HUMAN RIGHTS: No Safe Haven: Universal Jurisdiction Trumps Impunity


Judge Baltasar Garzón provides an impassioned defense of the principle of universal jurisdiction.

Since 1998, when he issued an arrest warrant for former Chilean dictator Augusto Pinochet under the controversial legal theory of universal jurisdiction, the Spanish judge Baltasar Garzón has been an influential figure in international human rights circles. In the ensuing years, he has continued to champion accountability for serious international crimes, such as crimes against humanity, war crimes, and torture. In 2008, Garzón tried to bring accountability home, ordering an investigation into Franco-era human rights violations in defiance of Spanish amnesty laws, an act that led to his suspension and indictment for abuse of judicial power. During his visit to UC Berkeley’s Center for Latin American Studies, Garzón discussed current developments and challenges in international justice, including universal jurisdiction, the International Criminal Court (ICC), and the future of international accountability, in light of recent political developments in the Arab world and elsewhere.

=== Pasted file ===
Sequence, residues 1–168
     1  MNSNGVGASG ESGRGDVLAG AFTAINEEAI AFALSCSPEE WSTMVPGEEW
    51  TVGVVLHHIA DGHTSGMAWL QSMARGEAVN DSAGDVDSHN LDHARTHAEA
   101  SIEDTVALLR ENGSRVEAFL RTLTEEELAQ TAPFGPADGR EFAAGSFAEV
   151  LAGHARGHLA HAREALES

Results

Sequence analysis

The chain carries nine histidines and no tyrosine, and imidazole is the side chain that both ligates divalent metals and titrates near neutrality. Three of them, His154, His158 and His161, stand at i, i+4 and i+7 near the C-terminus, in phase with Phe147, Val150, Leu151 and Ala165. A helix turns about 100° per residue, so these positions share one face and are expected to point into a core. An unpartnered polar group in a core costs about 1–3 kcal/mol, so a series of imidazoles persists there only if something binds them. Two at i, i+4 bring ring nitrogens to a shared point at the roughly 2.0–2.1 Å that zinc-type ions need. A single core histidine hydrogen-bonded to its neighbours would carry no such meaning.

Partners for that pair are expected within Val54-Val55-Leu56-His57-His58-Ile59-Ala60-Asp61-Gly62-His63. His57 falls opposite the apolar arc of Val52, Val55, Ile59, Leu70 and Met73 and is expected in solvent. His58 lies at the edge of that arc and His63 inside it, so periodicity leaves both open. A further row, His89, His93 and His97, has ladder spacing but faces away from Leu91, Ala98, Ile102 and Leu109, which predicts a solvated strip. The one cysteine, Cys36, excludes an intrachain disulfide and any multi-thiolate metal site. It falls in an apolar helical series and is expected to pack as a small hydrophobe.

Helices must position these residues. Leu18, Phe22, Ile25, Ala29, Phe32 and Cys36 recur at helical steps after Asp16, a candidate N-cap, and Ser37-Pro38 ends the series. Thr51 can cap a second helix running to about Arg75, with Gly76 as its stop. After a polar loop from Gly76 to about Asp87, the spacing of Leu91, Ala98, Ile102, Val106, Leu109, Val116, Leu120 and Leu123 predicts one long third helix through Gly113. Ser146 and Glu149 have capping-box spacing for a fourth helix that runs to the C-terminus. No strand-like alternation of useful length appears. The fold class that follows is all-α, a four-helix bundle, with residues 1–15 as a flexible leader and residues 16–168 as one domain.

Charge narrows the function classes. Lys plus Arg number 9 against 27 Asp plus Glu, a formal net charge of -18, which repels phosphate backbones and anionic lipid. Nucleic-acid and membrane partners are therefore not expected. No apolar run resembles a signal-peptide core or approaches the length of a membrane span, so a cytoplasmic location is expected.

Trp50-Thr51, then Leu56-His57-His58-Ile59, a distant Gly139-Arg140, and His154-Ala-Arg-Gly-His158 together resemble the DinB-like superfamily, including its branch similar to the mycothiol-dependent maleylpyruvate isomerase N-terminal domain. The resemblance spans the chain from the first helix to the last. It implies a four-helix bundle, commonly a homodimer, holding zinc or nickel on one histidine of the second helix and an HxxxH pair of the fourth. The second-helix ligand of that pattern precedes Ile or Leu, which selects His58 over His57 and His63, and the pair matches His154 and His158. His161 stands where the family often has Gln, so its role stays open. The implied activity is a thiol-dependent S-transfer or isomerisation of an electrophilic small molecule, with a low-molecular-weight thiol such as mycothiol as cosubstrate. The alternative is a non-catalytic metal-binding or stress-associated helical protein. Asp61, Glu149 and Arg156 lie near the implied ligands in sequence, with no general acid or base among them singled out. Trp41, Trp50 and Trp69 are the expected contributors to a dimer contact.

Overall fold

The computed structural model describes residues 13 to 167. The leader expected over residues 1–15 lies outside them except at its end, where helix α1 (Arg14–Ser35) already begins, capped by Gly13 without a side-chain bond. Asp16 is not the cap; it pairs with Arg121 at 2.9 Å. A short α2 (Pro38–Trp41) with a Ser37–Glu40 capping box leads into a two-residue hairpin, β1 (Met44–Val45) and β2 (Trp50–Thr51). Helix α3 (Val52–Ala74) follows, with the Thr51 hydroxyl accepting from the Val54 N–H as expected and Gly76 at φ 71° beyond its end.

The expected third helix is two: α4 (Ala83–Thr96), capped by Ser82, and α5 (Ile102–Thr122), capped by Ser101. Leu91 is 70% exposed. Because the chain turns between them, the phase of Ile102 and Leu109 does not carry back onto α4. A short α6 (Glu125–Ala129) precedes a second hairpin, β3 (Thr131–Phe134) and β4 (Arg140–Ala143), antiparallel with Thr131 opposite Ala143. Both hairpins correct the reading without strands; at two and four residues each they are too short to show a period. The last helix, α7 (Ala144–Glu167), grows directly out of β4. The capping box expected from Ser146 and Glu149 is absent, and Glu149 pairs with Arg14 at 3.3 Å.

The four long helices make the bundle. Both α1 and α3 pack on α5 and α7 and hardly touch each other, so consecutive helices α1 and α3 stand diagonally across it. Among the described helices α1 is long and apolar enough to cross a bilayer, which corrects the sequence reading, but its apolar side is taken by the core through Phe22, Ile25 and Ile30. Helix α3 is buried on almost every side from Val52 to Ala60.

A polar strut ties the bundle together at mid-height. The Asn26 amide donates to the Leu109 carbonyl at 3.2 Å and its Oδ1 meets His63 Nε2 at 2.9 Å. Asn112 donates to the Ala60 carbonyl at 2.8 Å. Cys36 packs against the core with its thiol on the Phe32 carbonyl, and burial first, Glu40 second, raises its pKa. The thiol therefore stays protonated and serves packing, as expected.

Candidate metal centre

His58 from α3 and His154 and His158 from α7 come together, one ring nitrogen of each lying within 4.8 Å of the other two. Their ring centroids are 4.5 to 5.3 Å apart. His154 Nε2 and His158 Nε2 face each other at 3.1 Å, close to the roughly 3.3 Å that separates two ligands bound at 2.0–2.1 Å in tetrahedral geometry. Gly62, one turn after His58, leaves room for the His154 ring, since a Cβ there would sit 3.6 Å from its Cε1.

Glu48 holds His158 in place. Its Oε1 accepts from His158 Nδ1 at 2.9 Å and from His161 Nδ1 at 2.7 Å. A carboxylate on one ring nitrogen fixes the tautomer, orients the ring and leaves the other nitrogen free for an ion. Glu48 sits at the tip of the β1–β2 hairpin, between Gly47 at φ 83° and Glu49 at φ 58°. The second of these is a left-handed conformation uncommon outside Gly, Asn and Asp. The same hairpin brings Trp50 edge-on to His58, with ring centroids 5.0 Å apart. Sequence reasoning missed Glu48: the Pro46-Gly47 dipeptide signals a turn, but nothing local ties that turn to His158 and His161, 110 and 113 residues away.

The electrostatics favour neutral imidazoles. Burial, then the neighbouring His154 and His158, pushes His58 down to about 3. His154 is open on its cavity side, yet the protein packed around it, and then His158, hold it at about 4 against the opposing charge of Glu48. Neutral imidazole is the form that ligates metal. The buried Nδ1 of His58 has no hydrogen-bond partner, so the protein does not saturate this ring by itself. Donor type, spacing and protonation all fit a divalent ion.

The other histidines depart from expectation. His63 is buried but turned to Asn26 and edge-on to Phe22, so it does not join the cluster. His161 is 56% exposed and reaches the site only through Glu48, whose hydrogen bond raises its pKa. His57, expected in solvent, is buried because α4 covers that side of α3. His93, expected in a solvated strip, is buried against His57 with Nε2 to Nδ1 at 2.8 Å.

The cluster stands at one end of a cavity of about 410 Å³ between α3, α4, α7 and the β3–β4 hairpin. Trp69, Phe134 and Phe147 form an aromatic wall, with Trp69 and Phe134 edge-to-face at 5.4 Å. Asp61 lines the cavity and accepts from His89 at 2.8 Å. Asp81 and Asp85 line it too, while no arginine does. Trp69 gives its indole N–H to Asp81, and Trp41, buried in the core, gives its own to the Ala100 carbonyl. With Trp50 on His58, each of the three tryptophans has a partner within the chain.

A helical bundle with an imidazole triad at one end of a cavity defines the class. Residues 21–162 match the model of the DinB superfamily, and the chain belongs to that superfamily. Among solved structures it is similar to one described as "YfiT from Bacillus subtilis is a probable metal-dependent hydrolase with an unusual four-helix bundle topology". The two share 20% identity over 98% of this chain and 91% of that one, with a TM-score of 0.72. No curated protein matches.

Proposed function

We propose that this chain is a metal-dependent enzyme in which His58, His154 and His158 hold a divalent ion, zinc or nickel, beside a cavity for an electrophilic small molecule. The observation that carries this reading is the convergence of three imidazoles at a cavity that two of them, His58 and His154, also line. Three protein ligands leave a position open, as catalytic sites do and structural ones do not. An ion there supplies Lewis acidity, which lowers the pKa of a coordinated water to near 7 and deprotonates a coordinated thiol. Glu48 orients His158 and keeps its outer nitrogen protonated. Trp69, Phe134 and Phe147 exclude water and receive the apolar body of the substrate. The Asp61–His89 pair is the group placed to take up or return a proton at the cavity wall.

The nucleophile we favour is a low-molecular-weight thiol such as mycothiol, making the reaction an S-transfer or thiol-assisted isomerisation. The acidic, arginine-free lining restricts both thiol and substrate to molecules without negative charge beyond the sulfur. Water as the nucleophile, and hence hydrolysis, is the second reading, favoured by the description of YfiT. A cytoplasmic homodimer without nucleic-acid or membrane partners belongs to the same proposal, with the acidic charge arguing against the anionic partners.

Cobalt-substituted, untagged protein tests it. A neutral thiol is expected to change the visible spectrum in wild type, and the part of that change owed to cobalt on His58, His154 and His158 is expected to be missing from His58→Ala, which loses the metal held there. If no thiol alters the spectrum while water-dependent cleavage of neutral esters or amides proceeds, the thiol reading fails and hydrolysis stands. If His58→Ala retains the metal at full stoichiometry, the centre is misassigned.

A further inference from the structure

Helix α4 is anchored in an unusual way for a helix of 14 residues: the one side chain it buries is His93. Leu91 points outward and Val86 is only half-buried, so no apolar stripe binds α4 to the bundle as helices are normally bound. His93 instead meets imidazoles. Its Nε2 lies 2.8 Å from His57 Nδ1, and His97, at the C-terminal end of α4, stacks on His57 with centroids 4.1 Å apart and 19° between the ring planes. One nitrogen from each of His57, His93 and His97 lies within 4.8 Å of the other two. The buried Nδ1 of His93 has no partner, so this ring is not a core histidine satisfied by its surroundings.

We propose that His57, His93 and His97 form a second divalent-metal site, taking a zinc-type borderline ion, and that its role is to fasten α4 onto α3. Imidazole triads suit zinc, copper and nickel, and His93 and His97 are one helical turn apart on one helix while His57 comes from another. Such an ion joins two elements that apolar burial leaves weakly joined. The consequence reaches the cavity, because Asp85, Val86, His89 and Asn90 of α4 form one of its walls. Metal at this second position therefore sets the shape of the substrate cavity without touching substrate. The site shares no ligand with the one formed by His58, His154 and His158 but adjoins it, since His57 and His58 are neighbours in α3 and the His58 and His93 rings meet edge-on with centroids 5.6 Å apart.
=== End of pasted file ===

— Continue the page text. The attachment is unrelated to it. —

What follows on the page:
Krystel Abi Habib
Celeste Kauffman
Publication date: 
January 11, 2011
Publication type: 
Berkeley Review of Latin American Studies Article